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To tap into digital revolution, Africa needs power: WEF delegates

WEF Kagame

Kigali, Rwanda | AFP |

For the digital revolution to succeed, Africa must improve public access to electricity, delegates at the World Economic Forum on Africa said as they met for a second day in Kigali.

Plugging households in to the grid remains a major challenge on this continent where more than 600 million people have no access to power, said delegates meeting in the Rwandan capital at a three-day summit known as Africa’s Davos.

“Without access to affordable, reliable, sustainable energy, Africa cannot really take advantage of the fourth industrial revolution” former UN under-secretary general Kandeh Kolleh Yumkella told AFP, referring to the digital revolution.

“The investors were very clear that you need good, determined governments and public policy that will last and are predictable for 10, 20 years,” he explained after talks between public decision-makers and representatives of the private sector.

But the first step was addressing the continent’s lack of access to power.

“You much recognise that the fourth industrial revolution.. is just simply about providing access to electricity,” African Development Bank (AfDB) president Akinwumi Adesina told a press conference.

“Everything revolves around having access to power,” said Adesina who told AFP in February that the AfDB was to invest $12 billion in the energy sector over the next five years to promote universal access to electricity.

President Kagame, alongside Tony Blair and Howard Buffett . COURTESY PHOTOS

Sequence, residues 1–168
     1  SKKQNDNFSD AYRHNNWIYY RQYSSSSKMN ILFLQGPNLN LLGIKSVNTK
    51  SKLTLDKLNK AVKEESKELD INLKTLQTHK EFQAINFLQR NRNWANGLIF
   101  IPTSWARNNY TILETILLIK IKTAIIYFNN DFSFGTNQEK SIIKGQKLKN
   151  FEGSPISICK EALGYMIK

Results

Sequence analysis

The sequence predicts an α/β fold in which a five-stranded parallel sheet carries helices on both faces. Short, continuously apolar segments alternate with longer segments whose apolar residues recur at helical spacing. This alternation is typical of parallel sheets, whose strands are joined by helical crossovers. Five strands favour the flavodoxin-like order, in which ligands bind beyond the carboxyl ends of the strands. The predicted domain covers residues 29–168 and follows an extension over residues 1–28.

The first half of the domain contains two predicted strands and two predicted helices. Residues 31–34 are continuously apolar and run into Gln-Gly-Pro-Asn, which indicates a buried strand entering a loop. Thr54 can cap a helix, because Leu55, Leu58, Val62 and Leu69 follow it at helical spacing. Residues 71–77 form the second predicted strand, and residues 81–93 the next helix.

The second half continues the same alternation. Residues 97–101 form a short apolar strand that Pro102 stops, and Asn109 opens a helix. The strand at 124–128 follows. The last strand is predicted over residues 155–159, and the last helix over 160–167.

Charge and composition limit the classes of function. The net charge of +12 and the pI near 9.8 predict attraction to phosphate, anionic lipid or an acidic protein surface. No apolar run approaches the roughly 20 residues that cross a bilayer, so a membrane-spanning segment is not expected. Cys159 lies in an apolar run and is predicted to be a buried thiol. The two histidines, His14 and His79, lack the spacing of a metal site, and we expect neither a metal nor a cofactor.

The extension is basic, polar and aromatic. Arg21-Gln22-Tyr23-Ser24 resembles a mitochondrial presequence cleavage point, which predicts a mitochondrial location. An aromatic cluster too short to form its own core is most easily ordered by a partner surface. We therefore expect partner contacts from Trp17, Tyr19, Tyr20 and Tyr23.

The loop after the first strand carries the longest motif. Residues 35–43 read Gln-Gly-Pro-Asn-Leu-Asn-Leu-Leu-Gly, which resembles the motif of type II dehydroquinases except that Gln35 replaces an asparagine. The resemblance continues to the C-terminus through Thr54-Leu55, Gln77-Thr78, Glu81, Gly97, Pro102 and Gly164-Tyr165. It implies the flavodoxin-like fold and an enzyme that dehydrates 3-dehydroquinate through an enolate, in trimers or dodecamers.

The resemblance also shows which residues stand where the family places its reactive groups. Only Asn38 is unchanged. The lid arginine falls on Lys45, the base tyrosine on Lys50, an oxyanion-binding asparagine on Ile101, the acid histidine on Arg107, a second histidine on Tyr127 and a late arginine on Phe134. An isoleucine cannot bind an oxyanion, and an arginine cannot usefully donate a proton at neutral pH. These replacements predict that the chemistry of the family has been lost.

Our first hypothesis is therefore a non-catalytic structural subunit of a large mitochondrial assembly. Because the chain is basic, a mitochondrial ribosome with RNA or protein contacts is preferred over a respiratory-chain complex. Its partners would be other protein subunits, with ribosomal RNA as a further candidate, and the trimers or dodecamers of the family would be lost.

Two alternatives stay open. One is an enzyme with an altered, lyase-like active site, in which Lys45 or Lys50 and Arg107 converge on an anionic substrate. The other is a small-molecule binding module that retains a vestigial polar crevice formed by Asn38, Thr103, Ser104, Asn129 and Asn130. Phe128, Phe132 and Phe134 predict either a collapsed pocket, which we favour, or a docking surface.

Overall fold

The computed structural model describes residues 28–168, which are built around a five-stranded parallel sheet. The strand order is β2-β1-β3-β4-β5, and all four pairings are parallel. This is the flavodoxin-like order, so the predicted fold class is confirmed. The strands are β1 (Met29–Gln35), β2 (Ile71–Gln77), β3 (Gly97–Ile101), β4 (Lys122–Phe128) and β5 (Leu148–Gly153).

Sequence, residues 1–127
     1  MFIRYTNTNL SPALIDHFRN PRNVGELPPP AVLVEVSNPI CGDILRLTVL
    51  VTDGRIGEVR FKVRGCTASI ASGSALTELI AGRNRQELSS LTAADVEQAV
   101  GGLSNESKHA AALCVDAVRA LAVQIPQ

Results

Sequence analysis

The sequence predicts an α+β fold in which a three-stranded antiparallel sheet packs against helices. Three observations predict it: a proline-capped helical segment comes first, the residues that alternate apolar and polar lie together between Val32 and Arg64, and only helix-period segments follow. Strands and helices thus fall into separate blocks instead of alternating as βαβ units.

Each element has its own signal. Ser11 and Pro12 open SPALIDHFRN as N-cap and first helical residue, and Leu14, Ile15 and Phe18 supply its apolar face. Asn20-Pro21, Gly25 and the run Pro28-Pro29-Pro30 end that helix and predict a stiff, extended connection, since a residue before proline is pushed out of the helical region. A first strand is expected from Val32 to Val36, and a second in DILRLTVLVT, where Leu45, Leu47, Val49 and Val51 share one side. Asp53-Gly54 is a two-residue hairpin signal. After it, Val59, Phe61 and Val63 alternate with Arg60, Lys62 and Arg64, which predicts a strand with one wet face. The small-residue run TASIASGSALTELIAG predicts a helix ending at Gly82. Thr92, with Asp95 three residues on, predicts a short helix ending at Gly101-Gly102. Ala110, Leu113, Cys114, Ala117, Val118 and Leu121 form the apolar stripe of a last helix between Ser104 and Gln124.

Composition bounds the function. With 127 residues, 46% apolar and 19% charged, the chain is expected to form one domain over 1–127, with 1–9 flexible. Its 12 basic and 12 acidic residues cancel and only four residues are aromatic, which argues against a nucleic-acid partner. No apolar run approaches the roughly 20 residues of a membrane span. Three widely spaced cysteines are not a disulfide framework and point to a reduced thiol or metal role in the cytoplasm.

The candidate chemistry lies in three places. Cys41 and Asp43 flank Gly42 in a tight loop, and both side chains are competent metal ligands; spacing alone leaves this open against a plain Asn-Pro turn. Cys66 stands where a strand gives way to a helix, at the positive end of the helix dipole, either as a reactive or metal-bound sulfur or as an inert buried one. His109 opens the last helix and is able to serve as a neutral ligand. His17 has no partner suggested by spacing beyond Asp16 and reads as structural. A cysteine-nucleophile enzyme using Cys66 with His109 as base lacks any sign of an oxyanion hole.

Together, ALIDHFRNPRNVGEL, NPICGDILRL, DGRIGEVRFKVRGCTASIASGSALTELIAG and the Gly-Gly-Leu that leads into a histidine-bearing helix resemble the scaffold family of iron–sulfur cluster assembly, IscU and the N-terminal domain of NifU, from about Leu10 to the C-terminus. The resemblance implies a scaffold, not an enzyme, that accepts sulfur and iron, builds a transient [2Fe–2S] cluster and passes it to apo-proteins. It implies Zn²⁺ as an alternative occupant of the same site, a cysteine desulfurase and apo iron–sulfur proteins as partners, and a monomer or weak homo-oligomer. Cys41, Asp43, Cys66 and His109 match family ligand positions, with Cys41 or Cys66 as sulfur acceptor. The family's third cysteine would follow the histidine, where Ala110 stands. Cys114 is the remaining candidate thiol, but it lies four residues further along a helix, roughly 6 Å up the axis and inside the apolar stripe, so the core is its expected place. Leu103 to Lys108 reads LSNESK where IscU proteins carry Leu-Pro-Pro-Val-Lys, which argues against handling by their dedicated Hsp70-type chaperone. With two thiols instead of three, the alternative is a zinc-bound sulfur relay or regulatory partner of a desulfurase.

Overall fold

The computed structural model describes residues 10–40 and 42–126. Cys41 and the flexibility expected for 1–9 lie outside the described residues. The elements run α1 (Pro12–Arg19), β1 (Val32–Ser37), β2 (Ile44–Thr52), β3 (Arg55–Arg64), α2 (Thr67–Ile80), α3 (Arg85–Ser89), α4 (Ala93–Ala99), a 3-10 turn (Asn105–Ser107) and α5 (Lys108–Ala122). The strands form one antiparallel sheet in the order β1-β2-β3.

President Kagame, alongside Tony Blair and Howard Buffett at WEF . COURTESY PHOTOS

 ‘Like blood in the body’

Last September, the bank unveiled a landmark initiative to solve Africa’s huge energy deficit by 2025, in a programme which Adesina said would boost the continent’s industrial capacity and its competitiveness.

“With that, we will be able to improve the access of small- and medium-size enterprises to electricity, we will be able to improve the industrial capacity that Africa has, we will also be able to improve the competitiveness that Africa has in global markets,” he said.

“Electricity is like blood in your body.”

Although Africa was rich in resources, it lacked the necessary policies to encourage long-term investor interest in energy projects, Yumkella said.

Governments “should do for the energy sector what they did for mobile telephony: you deregulate, you privatise, you incentivise, (and) private capital will come in,” he said.

But some warned of the need to move swiftly, saying regional governments could see opportunities quickly snapped up by eager western investors.

“The negative scenario is, of course, that Africa once again will be exploited by western countries and companies who have invested much higher in the fourth industrial revolution,” warned Adam Ikdal, director of the South African branch of the Boston Consulting Group (BCG).

“So it is an opportunity, but it is also a potential threat if government doesn’t wake up to the challenge.”

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